07/12/2009 05:12 am ET | Updated May 25, 2011

NYT 's Sotomayor "Affirmative Action Baby" Piece Stocked With Scare Quotes

Just when you thought we might be able to move past all the race-based criticism of would-be Supreme Court Justice Sonia Sotomayor comes this morning's New York Times article from Charlie Savage, which reveals Sotomayor's own comments on the way affirmative action benefited her academic career:

Judge Sonia Sotomayor once described herself as "a product of affirmative action" who was admitted to two Ivy League schools despite scoring lower on standardized tests than many classmates, which she attributed to "cultural biases" that are "built into testing."

On another occasion, she aligned with conservatives who take a limited view of when international law can be enforced in American courts. But she criticized conservative objections to recent Supreme Court rulings that mention foreign law as being based on a "misunderstanding."

Those comments were among a trove of videos dating back nearly 25 years that shed new light on Judge Sotomayor's views. She provided the videos to the Senate Judiciary Committee last week as it prepares for her Supreme Court confirmation hearing next month.

The clips include lengthy remarks about her experiences as an "affirmative action baby," whose lower test scores were overlooked by admissions committees at Princeton University and Yale Law School because, she said, she is Hispanic and had grown up in poor circumstances.

I have to wonder if people who are fans of Charlie Savage's typically superb reporting are going to be disappointed in a piece that's chock-a-block with scare quotes culled from videotapes that are a quarter-century old. Surely, though, we'll still be allowed to appreciate that maybe Sotomayor had other academic achievements that Princeton and Yale could appreciate in addition to test scores that may have been subpar. Well, you will! But not until the eighth paragraph:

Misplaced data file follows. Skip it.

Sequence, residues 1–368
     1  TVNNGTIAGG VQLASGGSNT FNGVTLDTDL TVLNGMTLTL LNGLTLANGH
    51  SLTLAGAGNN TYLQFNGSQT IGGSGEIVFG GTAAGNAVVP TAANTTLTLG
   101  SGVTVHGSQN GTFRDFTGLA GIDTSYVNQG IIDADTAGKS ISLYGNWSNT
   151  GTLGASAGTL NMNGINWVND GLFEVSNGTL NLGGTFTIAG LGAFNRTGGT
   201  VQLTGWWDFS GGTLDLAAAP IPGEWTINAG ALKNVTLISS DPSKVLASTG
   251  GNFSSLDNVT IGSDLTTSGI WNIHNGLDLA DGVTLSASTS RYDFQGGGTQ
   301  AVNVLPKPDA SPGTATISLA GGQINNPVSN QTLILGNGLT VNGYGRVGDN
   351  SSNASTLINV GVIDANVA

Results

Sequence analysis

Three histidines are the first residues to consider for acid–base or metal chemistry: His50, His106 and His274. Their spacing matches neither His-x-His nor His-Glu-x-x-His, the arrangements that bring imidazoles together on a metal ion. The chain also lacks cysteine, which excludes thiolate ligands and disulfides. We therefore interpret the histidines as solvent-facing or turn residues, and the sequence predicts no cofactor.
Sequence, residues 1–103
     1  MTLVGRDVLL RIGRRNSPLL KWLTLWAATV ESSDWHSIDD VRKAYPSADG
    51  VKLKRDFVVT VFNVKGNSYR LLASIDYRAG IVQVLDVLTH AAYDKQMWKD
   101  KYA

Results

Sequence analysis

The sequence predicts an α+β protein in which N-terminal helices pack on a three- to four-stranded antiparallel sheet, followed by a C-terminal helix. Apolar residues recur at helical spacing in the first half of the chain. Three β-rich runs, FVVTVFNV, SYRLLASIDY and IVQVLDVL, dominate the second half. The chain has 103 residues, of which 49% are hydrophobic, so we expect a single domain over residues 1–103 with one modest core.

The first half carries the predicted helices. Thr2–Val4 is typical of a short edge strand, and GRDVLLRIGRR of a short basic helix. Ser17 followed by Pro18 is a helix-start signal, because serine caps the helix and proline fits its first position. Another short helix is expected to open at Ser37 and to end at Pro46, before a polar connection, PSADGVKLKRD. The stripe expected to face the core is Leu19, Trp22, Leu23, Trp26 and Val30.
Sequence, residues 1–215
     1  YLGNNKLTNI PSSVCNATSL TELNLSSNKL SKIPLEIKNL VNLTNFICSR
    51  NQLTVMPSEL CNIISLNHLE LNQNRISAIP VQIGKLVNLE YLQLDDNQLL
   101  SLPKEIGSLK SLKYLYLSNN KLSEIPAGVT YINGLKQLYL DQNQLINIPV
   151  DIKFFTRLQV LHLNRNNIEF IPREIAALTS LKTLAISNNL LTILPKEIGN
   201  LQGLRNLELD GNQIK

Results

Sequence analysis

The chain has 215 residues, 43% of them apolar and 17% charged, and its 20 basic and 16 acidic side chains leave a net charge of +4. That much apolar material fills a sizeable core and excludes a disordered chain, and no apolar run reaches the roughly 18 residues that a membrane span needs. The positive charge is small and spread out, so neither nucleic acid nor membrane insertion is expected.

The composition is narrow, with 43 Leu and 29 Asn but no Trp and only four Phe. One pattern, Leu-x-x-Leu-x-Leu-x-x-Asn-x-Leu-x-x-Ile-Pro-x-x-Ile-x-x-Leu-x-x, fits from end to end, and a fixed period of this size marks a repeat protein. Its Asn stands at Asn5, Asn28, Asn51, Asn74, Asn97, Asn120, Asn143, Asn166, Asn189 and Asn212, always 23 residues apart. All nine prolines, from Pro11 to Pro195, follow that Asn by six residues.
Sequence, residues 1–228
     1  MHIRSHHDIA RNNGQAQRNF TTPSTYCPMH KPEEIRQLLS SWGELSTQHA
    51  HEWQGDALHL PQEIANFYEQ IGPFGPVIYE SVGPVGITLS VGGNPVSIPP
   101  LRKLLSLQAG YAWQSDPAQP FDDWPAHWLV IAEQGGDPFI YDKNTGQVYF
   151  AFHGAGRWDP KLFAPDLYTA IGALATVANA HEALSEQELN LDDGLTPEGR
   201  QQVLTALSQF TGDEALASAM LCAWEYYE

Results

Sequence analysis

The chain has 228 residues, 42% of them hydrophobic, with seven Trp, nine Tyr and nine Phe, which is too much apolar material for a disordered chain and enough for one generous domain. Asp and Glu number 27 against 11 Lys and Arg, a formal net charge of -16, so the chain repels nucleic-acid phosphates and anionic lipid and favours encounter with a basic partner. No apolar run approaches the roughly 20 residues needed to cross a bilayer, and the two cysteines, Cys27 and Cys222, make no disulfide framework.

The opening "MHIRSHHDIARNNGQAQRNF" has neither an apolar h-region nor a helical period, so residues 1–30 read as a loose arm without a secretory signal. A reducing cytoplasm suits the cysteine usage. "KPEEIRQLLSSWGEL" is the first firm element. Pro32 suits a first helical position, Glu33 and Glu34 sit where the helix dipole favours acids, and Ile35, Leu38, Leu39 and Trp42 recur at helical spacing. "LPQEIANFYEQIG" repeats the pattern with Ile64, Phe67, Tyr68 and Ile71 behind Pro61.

"With my academic achievement in high school, I was accepted rather readily at Princeton and equally as fast at Yale, but my test scores were not comparable to that of my classmates," she said. "And that's been shown by statistics, there are reasons for that. There are cultural biases built into testing, and that was one of the motivations for the concept of affirmative action to try to balance out those effects."

At some point, maybe it will be pointed out that Sotomayor's hard work -- which resulted in her graduating atop her class at Princeton and a subsequently successful legal career -- seems to have fully redeemed the favorable treatment she received at the outset of her academic life. It's more likely, though, that these revelations will almost certainly spur new calls for that National Discussion On Racial Preferences that so many people are pretending that they want to have. In the meantime, Sotomayor looks ahead to the judgement of the Senate Judiciary Committee, America's Mightiest Meritocracy.

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